Manchester City already has sought to short-circuit the investigation by financial regulators at UEFA — and preserve its place in the Champions League, European soccer’s richest competition and the trophy the club covets most — by appealing to the Court of Arbitration for Sport. But in November the court rejected the appeal, in which City had tried to end the investigation on procedural grounds, by ruling that it could not hear the case until the club had exhausted the disciplinary process at UEFA.
The earlier decision at CAS was not, its officials noted at the time, a verdict on whether Manchester City did or did not breach financial regulations, a charge that English soccer authorities and officials at UEFA had been investigating for months.
Manchester City has vigorously denied wrongdoing, and its officials had warned UEFA that they would mount an aggressive response to any effort to bar the club from the competition. “The accusation of financial irregularities are entirely false,” City said in a statement last year, after news media reports that it would face a one-year ban.
Critics fear that City’s ability to avoid punishment would be a death blow for UEFA’s ability to impose financial limits on its clubs. Those rules, in place since 2011, were designed to impose a measure of financial fairness within the European soccer economy, but powerful clubs — including City, as well as Paris St.-Germain, A.C. Milan and others — have routinely avoided serious punishment for breaking them.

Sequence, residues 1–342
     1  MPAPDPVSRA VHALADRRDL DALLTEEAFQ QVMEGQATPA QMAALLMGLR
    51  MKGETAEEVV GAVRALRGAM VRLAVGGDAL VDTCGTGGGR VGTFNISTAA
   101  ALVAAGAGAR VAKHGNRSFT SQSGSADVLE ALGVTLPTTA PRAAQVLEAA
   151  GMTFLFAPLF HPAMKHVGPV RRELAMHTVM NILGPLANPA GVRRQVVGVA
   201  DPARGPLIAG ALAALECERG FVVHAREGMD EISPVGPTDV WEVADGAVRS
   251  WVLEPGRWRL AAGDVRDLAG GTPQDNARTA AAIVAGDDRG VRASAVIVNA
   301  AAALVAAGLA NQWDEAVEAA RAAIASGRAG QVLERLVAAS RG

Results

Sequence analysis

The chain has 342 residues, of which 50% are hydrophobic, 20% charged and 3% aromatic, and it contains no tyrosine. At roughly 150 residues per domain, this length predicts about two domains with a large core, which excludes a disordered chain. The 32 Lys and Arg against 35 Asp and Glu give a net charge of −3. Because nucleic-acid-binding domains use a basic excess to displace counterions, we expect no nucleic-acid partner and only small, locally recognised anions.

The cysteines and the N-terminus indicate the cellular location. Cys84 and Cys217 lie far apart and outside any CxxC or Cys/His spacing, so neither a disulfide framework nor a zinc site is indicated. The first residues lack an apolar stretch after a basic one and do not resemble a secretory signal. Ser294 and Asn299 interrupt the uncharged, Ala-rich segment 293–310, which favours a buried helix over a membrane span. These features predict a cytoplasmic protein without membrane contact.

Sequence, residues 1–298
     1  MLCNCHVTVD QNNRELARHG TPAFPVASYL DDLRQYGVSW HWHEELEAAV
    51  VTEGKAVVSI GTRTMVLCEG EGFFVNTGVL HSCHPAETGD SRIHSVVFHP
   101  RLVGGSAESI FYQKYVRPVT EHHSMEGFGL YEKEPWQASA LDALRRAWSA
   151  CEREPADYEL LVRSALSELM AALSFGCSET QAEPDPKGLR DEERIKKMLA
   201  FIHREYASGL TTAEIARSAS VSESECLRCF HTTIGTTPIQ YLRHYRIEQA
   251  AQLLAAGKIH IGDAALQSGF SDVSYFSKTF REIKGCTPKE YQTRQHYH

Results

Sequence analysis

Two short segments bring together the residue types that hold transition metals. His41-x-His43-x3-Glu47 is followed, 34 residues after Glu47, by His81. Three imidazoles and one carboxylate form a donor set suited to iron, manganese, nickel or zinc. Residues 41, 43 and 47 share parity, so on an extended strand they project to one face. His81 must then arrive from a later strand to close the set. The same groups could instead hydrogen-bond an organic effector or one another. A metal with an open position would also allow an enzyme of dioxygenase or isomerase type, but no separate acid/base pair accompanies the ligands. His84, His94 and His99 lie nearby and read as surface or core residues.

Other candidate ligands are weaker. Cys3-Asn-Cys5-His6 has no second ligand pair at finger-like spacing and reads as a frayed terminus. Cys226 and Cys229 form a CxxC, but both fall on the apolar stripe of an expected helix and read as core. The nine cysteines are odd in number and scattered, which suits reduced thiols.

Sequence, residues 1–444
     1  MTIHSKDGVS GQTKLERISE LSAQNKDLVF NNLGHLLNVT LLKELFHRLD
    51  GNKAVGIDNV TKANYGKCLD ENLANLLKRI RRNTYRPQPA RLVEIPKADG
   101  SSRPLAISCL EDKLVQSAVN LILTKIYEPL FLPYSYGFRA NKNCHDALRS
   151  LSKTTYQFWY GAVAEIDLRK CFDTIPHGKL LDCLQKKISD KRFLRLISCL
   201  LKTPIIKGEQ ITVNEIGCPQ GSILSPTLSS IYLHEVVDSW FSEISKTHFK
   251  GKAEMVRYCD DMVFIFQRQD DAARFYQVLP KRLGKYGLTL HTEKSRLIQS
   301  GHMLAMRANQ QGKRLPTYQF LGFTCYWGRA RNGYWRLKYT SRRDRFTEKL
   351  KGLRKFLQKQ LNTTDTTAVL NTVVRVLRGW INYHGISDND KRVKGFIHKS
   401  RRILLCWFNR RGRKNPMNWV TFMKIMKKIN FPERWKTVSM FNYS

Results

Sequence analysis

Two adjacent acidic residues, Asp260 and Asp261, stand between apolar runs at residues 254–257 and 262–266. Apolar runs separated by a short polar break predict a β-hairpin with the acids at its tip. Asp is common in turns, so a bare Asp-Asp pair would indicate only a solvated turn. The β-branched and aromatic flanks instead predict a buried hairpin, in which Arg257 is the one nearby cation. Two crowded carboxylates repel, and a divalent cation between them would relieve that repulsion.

Javier Tebas, the president of La Liga, the Spanish top flight, and a longstanding, outspoken critic of Manchester City praised UEFA for “finally taking decisive action.”
“Enforcing the rules of financial fair play and punishing financial doping is essential for the future of football,” Tebas said. “We have been calling for severe action against Manchester City and Paris St.-Germain for years. Better late than never.”
Manchester City has assembled one of the best, and most expensive, teams in the world through the backing and financial might of the club’s owner: Sheik Mansour bin Zayed al-Nahyan, the brother of the ruler of the United Arab Emirates. Sheik Mansour has invested hundreds of millions of dollars over the past two decades — on players, coaches, facilities and the team’s operations — to transform Manchester City, which played in England’s second tier as recently as 2002, into one of soccer’s biggest and most successful clubs.